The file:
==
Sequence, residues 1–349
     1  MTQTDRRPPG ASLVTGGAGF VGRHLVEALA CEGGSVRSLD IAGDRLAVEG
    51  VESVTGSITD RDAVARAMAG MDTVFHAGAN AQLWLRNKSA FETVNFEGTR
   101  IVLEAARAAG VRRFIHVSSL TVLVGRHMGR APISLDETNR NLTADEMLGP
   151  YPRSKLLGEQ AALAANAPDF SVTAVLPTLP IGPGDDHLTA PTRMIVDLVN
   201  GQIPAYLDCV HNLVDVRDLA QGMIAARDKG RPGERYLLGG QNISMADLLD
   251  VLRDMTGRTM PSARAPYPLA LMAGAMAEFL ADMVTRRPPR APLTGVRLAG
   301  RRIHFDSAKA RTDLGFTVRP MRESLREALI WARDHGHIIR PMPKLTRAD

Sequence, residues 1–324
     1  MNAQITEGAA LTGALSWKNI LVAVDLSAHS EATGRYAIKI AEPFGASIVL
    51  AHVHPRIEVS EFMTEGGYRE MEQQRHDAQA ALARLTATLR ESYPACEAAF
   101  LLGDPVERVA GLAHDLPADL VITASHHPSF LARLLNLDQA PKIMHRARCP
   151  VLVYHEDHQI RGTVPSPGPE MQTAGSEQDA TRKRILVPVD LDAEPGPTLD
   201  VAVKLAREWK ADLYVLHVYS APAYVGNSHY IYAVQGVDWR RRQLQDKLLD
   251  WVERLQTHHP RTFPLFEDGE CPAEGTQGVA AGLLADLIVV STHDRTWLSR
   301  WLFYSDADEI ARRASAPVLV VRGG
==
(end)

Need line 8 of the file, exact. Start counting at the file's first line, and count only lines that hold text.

   301  RRIHFDSAKA RTDLGFTVRP MRESLREALI WARDHGHIIR PMPKLTRAD